Developmental Delays Interventions and Balance

by Patricia S. Lemer, M.Ed., NCC, M.S. Bus., Chairman of the Board, Epidemic Answers All living things strive for balance. Healthy organisms manifest balance by being flexible, never static. As day follows night, calm follows a storm and death comes after birth, nature maintains balance with constant change. For humans, being in balance is more difficult. For those living and working with children who have developmental delays, making balance can be a huge challenge. How do parents balance their personal needs with those of their children? How can therapists and teachers balance work and relaxation? How do we balance lesson plans and unstructured exploration? Listening with talking? Being and doing? Thinking and feeling? Giving and receiving? An endless array of balance questions confronts us every day. Bringing these choices into consciousness may help us deal with them more effectively. Here are some ideas for balancing developmental delays interventions. Balancing Food Our bodies seek a balance of flavors, textures and tastes….

Sensory Integration and Vestibular Processing: Why Is It So Critical?

By Zoe Mailloux, MA., OTR, Director, Pediatric Therapy Network, Torrance, CA Sensory integration and vestibular processing:  Of all the sensory systems that we talk about in sensory integration theory and treatment, the one that may be the most basic, yet the hardest to understand is the vestibular sense. This sensory system develops just a few weeks after conception and plays a very important role in a child’s early development.  It was also probably one of the most important senses for our evolutionary ancestors. However, the vestibular sense is not familiar to many people. Children do not learn about it when they learn about the basic sensory systems and if adults know about this system, they may only be aware that it has something to do with balance. Understanding more about the vestibular system will be helpful to a better understanding of the types of problems children may have as well as the methods we use to address these problems. As we…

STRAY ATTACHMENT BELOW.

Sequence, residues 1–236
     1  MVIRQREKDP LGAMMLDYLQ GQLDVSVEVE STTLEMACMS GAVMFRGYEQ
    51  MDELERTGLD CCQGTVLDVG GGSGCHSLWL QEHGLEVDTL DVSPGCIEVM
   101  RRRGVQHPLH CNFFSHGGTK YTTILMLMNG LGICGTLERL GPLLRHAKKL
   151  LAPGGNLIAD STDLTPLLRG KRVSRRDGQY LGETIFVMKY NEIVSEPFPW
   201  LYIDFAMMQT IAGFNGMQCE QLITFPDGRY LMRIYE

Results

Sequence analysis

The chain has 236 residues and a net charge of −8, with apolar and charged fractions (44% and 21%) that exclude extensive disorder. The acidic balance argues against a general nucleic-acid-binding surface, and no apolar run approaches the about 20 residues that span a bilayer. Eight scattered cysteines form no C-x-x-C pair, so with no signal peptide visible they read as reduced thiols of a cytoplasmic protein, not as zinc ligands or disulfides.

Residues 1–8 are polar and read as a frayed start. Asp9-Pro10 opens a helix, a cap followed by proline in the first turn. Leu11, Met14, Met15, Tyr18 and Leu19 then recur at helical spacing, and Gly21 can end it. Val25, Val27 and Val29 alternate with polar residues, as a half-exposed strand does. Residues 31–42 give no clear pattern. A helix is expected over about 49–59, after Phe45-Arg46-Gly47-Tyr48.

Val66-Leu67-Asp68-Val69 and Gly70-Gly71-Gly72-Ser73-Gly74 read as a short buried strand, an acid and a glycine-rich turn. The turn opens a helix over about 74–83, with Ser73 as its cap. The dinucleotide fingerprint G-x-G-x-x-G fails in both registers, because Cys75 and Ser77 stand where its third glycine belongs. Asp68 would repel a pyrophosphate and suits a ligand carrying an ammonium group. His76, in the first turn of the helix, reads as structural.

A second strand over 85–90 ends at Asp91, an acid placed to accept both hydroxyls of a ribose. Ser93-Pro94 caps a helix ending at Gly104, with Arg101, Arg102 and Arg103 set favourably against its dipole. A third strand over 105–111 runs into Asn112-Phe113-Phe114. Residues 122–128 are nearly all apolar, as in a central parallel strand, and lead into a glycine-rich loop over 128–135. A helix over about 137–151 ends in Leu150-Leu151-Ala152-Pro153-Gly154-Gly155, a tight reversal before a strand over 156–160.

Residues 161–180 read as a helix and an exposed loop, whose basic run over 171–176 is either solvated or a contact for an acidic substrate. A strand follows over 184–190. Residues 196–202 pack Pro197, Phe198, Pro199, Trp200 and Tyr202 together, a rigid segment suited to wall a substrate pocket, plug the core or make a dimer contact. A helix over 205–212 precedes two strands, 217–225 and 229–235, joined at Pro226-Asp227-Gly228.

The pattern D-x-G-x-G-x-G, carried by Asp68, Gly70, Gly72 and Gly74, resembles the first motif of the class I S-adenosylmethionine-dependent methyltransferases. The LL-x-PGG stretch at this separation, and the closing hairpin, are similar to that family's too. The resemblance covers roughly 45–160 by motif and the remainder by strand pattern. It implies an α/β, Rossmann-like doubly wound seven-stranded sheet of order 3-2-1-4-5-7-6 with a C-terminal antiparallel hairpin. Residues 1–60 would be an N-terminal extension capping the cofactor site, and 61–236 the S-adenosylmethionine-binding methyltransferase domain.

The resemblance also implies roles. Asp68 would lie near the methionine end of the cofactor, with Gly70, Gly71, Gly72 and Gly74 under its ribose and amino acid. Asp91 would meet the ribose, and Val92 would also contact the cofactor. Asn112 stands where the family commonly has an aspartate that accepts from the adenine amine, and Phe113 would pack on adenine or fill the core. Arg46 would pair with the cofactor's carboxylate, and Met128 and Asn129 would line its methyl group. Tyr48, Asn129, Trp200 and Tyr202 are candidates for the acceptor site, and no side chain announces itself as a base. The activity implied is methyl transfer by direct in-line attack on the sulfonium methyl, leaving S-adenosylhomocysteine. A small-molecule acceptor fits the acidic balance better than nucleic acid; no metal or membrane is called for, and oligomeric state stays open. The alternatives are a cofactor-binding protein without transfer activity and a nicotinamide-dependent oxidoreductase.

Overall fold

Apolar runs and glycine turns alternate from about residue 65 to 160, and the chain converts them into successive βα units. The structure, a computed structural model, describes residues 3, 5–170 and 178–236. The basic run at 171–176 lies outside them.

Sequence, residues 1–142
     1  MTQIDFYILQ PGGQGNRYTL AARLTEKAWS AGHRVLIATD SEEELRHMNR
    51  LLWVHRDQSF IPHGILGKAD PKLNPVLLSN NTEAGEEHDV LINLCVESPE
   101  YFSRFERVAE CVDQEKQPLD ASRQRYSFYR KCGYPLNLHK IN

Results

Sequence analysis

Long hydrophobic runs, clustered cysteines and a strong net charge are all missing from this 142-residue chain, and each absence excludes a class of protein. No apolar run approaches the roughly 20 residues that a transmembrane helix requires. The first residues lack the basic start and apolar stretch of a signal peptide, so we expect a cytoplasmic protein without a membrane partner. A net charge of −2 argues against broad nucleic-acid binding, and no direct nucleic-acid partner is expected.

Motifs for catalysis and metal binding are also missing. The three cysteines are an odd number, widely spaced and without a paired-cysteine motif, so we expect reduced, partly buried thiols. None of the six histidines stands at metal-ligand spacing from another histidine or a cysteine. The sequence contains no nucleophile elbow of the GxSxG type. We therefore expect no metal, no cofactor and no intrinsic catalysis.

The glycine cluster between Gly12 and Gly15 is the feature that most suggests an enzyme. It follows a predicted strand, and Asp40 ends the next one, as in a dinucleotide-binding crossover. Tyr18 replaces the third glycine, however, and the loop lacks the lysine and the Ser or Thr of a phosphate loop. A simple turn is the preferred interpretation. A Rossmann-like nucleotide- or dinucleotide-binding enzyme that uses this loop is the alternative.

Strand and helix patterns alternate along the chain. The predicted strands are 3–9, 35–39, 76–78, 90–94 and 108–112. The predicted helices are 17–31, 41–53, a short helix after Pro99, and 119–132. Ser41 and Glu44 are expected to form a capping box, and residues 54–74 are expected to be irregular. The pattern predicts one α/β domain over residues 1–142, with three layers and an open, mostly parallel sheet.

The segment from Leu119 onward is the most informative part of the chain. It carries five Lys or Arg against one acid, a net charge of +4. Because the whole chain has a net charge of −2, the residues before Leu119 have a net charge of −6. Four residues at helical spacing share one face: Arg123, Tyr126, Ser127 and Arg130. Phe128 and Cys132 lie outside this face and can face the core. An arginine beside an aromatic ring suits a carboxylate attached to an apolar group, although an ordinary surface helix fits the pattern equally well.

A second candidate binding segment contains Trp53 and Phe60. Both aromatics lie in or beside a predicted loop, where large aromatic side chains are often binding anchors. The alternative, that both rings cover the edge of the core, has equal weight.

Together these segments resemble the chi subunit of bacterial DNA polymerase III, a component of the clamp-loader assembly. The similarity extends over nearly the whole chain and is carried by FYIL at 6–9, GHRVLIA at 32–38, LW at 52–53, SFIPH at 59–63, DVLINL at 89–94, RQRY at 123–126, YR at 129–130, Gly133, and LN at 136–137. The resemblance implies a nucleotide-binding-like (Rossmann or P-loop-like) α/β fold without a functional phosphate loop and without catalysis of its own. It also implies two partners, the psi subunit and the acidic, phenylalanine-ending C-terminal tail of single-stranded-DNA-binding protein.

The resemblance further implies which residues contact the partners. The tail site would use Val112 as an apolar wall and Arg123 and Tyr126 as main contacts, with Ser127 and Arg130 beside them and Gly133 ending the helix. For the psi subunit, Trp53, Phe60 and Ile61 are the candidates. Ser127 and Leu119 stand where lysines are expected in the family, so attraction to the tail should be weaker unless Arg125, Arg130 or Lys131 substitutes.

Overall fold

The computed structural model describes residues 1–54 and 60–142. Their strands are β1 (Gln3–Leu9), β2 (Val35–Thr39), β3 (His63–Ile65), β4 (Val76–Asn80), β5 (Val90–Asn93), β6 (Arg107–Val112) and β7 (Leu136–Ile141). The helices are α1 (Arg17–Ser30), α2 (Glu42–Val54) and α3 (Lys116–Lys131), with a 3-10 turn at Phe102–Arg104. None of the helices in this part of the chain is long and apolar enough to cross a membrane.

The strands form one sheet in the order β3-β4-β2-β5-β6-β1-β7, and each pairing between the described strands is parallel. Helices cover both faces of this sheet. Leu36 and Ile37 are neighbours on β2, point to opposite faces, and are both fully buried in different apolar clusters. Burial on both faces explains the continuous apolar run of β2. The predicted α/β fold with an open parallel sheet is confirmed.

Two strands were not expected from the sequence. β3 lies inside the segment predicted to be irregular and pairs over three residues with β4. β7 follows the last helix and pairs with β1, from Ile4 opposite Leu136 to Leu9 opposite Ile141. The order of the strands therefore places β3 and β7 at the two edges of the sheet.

The Vestibular System and Auditory Language Processing

By Carol Stock Kranowitz, M.A.  Excerpted from The Out-of-Sync Child: Understanding and Coping With Sensory Integration Dysfunction The vestibular system and auditory language processing: Children with vestibular dysfunction may also have auditory language processing problems. As they research their child’s disability, many parents learn about sensory integration and the importance of the body’s vestibular system, perhaps the most basic of all the sensory systems. Initially they learn that the vestibular system coordinates body movements, maintains balance and equilibrium, and helps children develop normal muscle tone. It is not as immediately apparent, though, how the vestibular system influences auditory language processing.  However, the vestibular system plays a significant role in the development of language, so that children with vestibular dysfunction may also have auditory language processing problems. It’s important to realize that the vestibular and auditory systems work together as they process sensations of movement and sound.  These sensations are closely intertwined, because they both begin to be processed in the receptors…